A few weeks ago, New York PostThe cover featured the title “UPPER WEST SLIDE” and images of a local mother and her teenage son. U accompanying article he explained that the mother in question “fled the neighborhood between crime and chaos,” and, fearing to let them defend themselves for them, “[dragged] her two children “to work with her. She had, the article says, just listed her renovated 22-year-old West End Avenue apartment, titled” a fabulous four-bedroom cooperative with a walk-in closet. ”
I received a text from my father. “You’ve seen it Post cover it? he wrote. “WHERE IS THIS APARTMENT?”
I had a lot in front of him, so every few days I checked the list in my neighborhood. Even when you can go to the views safely and easily, for me – except for a few Pomander Walk open house opportunities, of course – it’s for the most part or for friends moving into the area; I’m not really in a position to move. Knowing my interest, friends in the real estate business send me ads that they know I like Other times, I look for blocks (West 69th Street between Columbus Avenue and Central Park West has the most beautiful Halloween decorations!) Or by word of mouth. key (“character” and “fixer-upper” are preferred). Or buildings: Sometimes I like to see if there are photos of apartments in the place where my grandparents lived during the Depression, or the one where my parents lived when I was born (a matter because of their proximity to the Depression). charging doors of a funeral parlor). UWS’s passives – its lack of chic, its crowded restaurants, its ever-intrusive basicity – are known as its superior bagels, its history of left-wing intelligence, and its attractive streets and schools. family friendly. For me, it’s just a family – loved in spite of and because of all these things, maintaining a certain zhlubby charm, no matter how it evolves and returns.
And he has some great apartments. Yes, there are no shortage of high-altitude skiers with gyms, but the challenge is to find something special. Over the years, I’ve been amazed 3 Riverside Drive, lunatu Study by Milton Glaser, and dreamed Aaron Shikler’s window. And, in the process, he discovered some apartments for friends! Here are some current favorites:
15 West 67th Street, 5RW – $ 550,000
While it was now considered firm, UWS was an accessible link for musicians, actors and artists, many of whom lived in light-filled studio buildings. Of these, the Hotel des Artistes is probably the best known – the legendary Café des Artistes, rich in romping nymphs, was located below – but the nearby neo-Gothic Central Park Studios are just as stunning, with 11-foot ceilings and windows. atelier, is a vestibule covered in famous murals by Robert VV Sewell. The building is no longer exactly for starving artists – maintenance fees are high, as you might expect – but if, like me, you find a building with this kind of irresistible history, this sweet bedroom will look relatively reasonable.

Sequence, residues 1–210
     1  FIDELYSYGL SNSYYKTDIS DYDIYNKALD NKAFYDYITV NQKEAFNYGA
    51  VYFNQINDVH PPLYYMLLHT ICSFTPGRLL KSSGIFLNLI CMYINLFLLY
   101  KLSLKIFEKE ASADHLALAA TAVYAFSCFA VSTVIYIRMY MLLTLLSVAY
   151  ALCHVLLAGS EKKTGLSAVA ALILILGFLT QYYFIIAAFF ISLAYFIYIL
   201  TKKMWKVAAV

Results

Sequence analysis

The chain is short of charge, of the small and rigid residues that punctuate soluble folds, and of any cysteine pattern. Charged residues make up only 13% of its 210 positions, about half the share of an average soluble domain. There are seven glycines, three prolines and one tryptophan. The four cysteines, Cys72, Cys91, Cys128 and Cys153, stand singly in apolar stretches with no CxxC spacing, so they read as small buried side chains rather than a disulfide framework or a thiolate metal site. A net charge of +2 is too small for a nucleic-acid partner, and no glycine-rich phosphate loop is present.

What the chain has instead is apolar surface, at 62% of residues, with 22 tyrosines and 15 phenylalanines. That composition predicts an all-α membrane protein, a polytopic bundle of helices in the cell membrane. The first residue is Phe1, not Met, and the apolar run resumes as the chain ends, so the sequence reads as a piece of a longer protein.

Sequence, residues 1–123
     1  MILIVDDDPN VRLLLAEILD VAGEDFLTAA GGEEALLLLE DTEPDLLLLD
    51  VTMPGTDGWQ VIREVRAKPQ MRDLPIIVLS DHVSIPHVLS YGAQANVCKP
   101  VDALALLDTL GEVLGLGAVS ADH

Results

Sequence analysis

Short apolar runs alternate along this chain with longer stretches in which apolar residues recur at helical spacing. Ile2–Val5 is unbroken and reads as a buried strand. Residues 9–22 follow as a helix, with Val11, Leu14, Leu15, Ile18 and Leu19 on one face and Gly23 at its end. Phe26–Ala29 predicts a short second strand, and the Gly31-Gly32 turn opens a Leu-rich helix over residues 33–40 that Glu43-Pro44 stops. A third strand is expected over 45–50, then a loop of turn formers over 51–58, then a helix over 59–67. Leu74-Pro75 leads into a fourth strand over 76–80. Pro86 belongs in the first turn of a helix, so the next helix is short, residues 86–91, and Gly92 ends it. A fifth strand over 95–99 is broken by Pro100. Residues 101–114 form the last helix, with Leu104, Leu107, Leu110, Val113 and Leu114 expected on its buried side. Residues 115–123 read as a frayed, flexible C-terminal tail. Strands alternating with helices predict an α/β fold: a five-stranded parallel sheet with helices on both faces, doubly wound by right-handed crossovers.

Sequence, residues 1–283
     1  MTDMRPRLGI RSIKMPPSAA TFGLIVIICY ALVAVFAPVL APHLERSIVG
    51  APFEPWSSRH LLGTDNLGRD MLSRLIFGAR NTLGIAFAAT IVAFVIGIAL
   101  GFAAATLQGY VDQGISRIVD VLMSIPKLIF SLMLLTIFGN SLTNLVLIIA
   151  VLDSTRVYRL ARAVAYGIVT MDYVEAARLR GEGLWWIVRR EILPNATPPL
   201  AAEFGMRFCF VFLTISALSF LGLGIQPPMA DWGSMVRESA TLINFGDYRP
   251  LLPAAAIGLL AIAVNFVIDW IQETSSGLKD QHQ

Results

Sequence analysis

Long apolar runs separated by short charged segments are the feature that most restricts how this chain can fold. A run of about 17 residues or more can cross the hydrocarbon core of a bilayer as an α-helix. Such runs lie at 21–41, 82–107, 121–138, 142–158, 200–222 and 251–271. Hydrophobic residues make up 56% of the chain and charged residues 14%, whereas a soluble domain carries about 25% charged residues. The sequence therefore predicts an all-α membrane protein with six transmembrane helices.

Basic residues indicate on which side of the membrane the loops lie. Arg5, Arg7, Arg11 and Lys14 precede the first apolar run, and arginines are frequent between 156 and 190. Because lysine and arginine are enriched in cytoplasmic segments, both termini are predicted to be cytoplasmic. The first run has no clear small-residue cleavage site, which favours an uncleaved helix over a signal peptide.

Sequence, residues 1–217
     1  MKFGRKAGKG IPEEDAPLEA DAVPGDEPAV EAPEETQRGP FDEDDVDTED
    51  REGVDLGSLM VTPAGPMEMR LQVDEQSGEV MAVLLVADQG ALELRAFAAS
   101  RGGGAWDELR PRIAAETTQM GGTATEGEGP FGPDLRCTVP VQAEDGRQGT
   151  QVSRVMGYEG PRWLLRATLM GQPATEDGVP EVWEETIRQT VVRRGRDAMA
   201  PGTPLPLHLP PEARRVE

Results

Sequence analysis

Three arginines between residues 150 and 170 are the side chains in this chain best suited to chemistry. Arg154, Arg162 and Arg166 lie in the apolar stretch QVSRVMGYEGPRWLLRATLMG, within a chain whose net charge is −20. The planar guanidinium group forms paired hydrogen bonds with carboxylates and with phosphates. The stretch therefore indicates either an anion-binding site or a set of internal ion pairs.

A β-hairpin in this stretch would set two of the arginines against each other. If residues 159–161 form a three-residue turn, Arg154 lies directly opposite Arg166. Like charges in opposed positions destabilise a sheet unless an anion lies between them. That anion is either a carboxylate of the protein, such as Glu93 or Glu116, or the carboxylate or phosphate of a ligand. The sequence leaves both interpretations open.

210 Riverside Drive, 8D – $ 875,000
I’ve always loved this particular building, with its massive, tiled lobby (used as a shooting location for many movies, You have Mail among them) and often idiosyncratic disposition, since many of the apartments were sculpted from the original plan of 1909. It is a short walk from Riverside Park, of course, and even those apartments without river views tend to get a great light. But, for me, what earned me a bookmark is the bathroom.
211 Central Park West, 19E – $ 19.5 million
Since this neighborhood was one of the first to launch the concept of luxury apartments – trying to attract people who would normally have lived in townhouses – there is no shortage of beautiful branded buildings: the Dakota, the San Remo, the ‘Apthorp. They are all amazing and expensive and full of amenities. I’m weird that I hate an open-plan kitchen, which means that, in the pretentious world where this includes a multimillion-dollar cooperative and all the boards asking you to live in them, it’s hard to find one that I like; renovations tend to dispense with old-fashioned kitchens and pantries. Yes, I think I would like to be content with this six-room mansion, I thought, looking at my air tree. But I really have to do it a lot of remodeling. But this duplex at Beresford – one of the most beautiful buildings in Manhattan – is incredible and it retains its original Emery Roth layout and St. Charles ’kitchen, to say nothing of the gallery, the two staircases, the French-fronted terrace with breathtaking views, or the wood-burning fireplace – they go well too. And it also has a theatrical pedigree: While it was the home of former owners Phyllis Newman and Adolph Green, the apartment and its floor played out to Groucho Marx, Stephen Sondheim, Leonard Bernstein and (near) Glenn Close.
310 Riverside Drive, 806B – $ 1,595
I always keep an eye out for a non-exorbitant, habitable studio rental (I have a long list of unique friends I try to attract into the neighborhood), and this one is bright, with high ceilings, has a large bathroom with a tub, and – the best and rarest of all – a view of the river.